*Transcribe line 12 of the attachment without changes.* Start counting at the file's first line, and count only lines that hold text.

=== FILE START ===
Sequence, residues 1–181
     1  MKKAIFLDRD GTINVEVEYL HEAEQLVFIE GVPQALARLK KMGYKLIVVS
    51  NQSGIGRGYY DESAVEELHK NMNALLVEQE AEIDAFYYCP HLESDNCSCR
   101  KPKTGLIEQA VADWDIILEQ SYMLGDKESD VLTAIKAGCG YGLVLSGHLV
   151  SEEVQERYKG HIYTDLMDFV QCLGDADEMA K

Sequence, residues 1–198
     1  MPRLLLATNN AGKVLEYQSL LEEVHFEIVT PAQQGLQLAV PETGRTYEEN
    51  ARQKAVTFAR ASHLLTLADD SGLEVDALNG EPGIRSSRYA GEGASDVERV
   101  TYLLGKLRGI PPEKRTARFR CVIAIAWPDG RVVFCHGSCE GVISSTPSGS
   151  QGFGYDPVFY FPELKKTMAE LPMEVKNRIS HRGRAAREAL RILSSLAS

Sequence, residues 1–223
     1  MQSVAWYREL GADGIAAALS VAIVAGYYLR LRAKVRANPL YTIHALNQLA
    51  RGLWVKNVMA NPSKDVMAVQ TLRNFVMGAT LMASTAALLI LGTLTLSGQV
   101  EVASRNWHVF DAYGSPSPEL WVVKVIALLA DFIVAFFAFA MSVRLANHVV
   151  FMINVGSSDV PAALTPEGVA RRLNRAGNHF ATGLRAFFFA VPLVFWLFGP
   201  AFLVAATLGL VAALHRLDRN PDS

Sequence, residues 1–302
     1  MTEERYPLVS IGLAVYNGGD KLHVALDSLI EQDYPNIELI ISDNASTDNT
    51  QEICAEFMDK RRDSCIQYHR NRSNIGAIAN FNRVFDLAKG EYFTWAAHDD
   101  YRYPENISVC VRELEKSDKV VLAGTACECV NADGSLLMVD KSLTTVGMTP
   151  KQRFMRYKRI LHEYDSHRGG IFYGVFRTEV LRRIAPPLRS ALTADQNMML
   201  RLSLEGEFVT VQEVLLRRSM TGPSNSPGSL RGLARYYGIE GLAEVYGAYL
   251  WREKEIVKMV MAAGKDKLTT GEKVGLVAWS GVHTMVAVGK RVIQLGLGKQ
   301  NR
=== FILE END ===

     1  MQSVAWYREL GADGIAAALS VAIVAGYYLR LRAKVRANPL YTIHALNQLA